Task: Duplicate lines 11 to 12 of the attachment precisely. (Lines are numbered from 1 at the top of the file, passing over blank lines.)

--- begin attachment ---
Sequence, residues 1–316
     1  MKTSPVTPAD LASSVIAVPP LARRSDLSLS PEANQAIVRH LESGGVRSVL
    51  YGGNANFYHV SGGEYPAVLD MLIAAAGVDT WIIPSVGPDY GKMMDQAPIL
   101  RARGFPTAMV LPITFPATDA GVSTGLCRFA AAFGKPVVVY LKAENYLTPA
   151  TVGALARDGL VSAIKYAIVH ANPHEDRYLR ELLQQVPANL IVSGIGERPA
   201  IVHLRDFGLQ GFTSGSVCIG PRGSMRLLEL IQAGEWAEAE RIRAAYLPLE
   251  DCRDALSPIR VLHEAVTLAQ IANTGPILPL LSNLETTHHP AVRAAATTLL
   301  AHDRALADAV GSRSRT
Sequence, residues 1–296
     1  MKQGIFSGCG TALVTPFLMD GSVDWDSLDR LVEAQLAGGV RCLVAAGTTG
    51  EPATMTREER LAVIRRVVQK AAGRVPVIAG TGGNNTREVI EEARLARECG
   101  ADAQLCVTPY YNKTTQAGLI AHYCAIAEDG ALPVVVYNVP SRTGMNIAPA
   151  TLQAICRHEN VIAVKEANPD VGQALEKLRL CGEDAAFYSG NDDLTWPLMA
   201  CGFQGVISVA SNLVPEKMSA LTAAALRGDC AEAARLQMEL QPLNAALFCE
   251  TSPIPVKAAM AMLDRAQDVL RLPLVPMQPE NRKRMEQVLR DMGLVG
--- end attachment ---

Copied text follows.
    51  EPATMTREER LAVIRRVVQK AAGRVPVIAG TGGNNTREVI EEARLARECG
   101  ADAQLCVTPY YNKTTQAGLI AHYCAIAEDG ALPVVVYNVP SRTGMNIAPA